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Taking a Chance On Low Buys is a Smart Move

The last time we saw Joel Zumaya was actually at Target Field. Like this.
The last time we saw Joel Zumaya was actually at Target Field. Like this.

There were a number of teams who went to watch Joel Zumaya throw back in December, and even as late as yesterday morning we knew there were a number of clubs interested in the former Tigers' flame throwing strikeout machine. What made the difference for Zumaya though, was that the Twins offered him a Major League contract.

As far as Zumaya is concerned, that's kind of a no-brainer, isn't it? As long as he's healthy, he'll go north with the Twins. Ultimately the most important thing to a Major League Baseball player's career is to play in Major League Baseball. Minnesota gave him that opportunity.

With every other interested club seemingly offering him the same thing (minor league contract, invite to spring training), and with the Minnesota bullpen still shaping up to be a massive liability, Terry Ryan and his front office made a move that could bolster the back end of the relief corps with relatively little risk.

  1. The Twins are financially on the hook for a minimum of $800,000 for one year. As far as MLB payrolls are concerned, that's nothing.
  2. If Zumaya doesn't throw a pitch with the Twins, they're simply back to where they were on Saturday night: Glen Perkins, Matt Capps, and a bunch of question marks.
  3. If Zumaya does work out, $1.7 million (maximum) for what a pitcher like him can provide is more than acceptable.

We'll flash some more justified optimism after the jump.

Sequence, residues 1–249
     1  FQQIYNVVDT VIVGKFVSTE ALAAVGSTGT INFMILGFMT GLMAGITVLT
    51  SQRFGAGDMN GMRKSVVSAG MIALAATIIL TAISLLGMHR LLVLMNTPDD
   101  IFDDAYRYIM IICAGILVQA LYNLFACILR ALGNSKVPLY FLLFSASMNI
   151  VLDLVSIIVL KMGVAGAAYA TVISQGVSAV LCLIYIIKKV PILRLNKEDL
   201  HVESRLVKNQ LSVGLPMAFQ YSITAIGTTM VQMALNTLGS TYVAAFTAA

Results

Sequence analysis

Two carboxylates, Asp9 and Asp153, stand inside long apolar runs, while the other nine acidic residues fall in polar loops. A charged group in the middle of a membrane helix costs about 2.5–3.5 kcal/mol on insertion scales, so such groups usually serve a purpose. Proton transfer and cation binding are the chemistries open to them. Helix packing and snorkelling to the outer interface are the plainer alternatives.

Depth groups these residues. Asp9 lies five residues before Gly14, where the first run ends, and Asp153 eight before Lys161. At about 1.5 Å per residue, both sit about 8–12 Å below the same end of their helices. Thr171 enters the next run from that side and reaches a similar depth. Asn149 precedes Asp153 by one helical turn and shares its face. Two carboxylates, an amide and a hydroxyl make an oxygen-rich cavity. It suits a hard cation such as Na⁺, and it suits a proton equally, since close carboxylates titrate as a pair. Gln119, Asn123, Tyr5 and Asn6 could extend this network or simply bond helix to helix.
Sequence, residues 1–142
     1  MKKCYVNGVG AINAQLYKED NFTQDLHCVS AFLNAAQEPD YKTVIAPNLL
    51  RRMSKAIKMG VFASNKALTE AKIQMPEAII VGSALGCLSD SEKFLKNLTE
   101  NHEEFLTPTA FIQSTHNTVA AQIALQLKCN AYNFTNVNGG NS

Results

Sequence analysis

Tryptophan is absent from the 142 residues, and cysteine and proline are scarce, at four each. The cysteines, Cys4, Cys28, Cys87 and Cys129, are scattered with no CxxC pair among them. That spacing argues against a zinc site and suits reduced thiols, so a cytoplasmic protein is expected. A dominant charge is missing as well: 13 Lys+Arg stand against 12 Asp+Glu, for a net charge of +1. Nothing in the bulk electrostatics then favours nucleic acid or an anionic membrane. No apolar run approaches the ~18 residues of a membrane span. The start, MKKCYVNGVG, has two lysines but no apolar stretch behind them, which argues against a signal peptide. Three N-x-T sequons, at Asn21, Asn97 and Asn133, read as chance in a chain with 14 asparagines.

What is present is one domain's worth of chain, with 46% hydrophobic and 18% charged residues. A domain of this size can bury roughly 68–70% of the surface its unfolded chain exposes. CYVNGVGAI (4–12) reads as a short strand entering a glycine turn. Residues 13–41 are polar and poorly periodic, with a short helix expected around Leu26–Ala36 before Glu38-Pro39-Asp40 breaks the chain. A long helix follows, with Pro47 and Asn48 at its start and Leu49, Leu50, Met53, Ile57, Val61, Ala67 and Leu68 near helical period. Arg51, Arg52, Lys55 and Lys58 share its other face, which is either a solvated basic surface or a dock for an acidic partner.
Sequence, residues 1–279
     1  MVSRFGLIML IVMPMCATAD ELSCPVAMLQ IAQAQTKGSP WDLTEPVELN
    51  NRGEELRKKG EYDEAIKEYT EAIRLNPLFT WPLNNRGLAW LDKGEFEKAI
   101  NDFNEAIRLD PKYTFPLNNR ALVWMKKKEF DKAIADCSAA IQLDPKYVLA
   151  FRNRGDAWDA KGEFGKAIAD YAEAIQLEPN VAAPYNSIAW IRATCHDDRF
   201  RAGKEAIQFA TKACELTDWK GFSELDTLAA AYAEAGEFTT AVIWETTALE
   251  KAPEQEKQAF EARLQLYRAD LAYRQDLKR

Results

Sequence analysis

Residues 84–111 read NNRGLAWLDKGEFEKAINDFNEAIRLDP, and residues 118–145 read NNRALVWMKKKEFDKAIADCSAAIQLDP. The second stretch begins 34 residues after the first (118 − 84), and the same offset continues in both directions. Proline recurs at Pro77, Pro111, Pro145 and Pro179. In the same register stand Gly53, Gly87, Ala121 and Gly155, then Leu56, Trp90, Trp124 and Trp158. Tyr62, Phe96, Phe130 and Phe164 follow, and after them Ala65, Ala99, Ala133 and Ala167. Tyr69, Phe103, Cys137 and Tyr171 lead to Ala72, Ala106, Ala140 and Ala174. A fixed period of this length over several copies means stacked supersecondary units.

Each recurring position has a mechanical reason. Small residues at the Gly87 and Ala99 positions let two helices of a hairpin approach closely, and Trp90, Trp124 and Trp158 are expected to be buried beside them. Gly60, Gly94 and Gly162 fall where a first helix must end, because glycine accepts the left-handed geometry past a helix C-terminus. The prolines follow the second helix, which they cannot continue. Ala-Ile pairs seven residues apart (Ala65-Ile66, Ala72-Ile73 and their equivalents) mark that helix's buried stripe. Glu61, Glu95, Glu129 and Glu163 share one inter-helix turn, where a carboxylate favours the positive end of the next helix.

I'd like to pretend Terry Ryan was reading when I said this a couple weeks ago:

Zumaya will be 27 in '11 ... Feeling lucky? Hell, it's not much money and there isn't much to lose. Maybe you offer him a Major League deal because nobody else is, and guarantee him $1 million for his trouble.

Of course that wasn't the case, but the front office made a smart decision to buy low and to offer the guy something that no other team would...without hurting themselves. It's a good start in making a late move to re-work the bullpen.

Phil Mackey points out that there was some interest in Dan Wheeler and Todd Coffey prior to signing Zumaya, also adding "Doubt they'd close the door entirely on those guys but space now limited". This was the case before Minnesota added Zumaya, so this is likely doubly true at this point, but still: if Wheeler is available for $800,000 or $1 million, his contributions to the 'pen as a middle reliever would be worth more than the money he'd make.

With the exclusion of the Josh Willingham signing, the Twins have lacked big news this winter...unless that news involved them losing Joe Nathan and Michael Cuddyer. I'm fine with that.

Yet Minnesota has managed to make a number of smaller, well-designed moves. Capps at his price isn't terrible, and will be a bargain if he pitches closer to how he did in 2010 than 2011. Jamey Carroll and Ryan Doumit were both good moves. Choosing not to out-bid teams for Nathan, Cuddyer and Jason Kubel was the right thing to do. Now, adding Zumaya.

Nobody will confuse the Twins with division contenders out of the gate. But if these decisions and additions work out, and if guys can stay never know. That's one of the many things that's beautiful about baseball. Somebody and something will always surprise you.